Do Not Make This Recipe at Home
With so many cooking shows on television, producers must develop new concepts to attract and keep an audience.
Public television in the United States broadcasts a variety of cooking shows hosted by professional chefs and cooks. One show combines history with cooking. I watched an episode for the first time and found the history lessons more interesting than the recipes the chef prepared.
The first recipe he made was an appetizer of steak tartare. Steak tartare is a mixture of raw ground or chopped steak, raw eggs, onion and spices. Recently, several cooking shows on PBS used raw eggs to make mayonnaise with no warning about the risks of bacterial infection. And it isn’t uncommon seeing a chef handle raw beef, fish or poultry and then reach for the salt and pepper shaker. Some liberties must be taken filming a cooking show due to time constraints. Unlike cooking at home, people are hired to clean up after a show has completed filming. But this history lesson show was unique.
As the chef prepared the steak tartare, a warning about eating under cooked meat appeared on the screen included in the warning was “do not make this recipe at home”. In the program the chef cut slices of crusty bread, spreads on the steak tartare and eats it exclaiming how great it tastes but we’re not supposed to make steak tartare at home. Even if it was popular in the 18th century or served at his restaurant what was the point making it if you aren’t supposed to make it at home unless you are assured you have uncontaminated beef?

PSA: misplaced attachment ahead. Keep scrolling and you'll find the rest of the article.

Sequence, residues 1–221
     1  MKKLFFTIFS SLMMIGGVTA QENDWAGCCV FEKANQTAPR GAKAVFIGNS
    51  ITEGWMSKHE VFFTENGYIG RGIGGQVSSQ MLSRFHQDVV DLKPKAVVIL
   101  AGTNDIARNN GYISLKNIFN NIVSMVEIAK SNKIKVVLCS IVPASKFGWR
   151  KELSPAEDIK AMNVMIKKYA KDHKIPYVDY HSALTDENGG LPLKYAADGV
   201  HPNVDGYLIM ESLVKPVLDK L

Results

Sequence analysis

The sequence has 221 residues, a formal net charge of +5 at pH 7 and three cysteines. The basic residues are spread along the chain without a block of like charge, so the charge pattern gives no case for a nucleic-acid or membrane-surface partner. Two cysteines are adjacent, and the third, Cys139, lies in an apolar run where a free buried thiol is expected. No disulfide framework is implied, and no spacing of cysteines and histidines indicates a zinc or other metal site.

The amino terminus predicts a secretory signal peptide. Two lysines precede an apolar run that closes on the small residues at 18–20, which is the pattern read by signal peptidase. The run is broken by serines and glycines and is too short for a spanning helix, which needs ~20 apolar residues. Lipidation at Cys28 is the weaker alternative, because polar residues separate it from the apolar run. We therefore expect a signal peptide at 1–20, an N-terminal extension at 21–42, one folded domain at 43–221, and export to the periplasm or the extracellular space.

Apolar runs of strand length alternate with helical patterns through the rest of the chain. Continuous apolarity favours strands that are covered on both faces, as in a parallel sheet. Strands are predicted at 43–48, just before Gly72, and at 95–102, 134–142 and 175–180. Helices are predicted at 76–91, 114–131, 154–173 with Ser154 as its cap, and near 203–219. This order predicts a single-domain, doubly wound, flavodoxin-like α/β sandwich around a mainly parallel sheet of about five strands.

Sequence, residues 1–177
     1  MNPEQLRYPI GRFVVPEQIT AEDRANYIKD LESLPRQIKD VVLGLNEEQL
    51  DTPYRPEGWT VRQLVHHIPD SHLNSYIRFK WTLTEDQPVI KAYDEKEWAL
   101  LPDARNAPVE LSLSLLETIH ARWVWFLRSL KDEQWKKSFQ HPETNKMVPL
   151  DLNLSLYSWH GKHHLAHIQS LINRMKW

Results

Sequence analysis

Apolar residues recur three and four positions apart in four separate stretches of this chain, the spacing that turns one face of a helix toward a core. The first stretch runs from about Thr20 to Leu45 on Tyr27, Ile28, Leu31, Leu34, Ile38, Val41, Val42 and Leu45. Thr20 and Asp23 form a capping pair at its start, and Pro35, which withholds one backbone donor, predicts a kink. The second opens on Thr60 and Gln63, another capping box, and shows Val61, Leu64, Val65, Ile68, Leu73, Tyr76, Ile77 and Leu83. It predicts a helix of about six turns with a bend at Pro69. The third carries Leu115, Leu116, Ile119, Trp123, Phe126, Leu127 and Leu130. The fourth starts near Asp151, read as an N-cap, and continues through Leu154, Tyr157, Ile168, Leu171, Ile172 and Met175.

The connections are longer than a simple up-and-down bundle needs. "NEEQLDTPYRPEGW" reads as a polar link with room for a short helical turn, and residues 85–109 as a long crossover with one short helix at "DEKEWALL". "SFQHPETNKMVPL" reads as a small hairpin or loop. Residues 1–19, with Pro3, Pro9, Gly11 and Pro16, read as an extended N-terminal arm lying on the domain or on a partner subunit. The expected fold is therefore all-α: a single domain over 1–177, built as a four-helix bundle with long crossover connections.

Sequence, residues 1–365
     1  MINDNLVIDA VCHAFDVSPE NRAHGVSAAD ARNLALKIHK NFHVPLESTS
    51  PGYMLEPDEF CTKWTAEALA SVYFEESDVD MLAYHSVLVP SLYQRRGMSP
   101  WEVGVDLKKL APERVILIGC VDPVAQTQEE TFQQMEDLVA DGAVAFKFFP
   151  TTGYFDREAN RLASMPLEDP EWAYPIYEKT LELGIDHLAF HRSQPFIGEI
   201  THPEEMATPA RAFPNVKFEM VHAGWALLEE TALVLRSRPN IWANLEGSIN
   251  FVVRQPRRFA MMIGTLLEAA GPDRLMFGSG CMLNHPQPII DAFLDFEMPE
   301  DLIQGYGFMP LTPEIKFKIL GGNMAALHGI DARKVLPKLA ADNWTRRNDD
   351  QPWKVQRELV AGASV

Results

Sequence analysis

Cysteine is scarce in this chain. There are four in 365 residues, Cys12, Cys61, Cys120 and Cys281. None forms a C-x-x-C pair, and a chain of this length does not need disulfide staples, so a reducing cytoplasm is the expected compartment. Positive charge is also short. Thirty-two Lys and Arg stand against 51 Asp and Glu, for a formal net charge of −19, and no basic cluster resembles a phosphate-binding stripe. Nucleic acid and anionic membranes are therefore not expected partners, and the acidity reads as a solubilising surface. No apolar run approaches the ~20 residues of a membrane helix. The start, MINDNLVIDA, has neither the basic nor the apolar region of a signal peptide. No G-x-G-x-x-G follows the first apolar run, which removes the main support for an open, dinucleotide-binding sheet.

Every year in the United States, tens of thousands of people became sick or some die from food poisoning. In the 18th century, refrigerations was over a hundred years in the future. Granted, many Americas raised their own food or knew someone who did. But even if it was safe eating raw beef and eggs 200 years ago there are too many accounts of people becoming sick or dying from food poisoning from industrialized food processing. Just a few weeks ago organic, frozen, antioxidant berry blend sold by Costco were recalled after people in five states developing hepatitis A from eating the contaminated berries.
Beef is one of the most common sources of food born illness. Raw eggs ranks high also. Ground beef has a notorious history of bacterial contamination. After several well publicized outbreaks of e. coli, all fast food restaurants began thoroughly cooking their hamburger patties. This means you’ll get a well done burger whether you like it or not. Restaurants serving meat, poultry and eggs now print a warning in their menus about the risks of eating under cooked foods.
So why would a chef prepare a recipe of raw beef and eggs on a public television cooking show when viewers are warning to not make the recipe at home? Perhaps it was just meant as a history lesson only.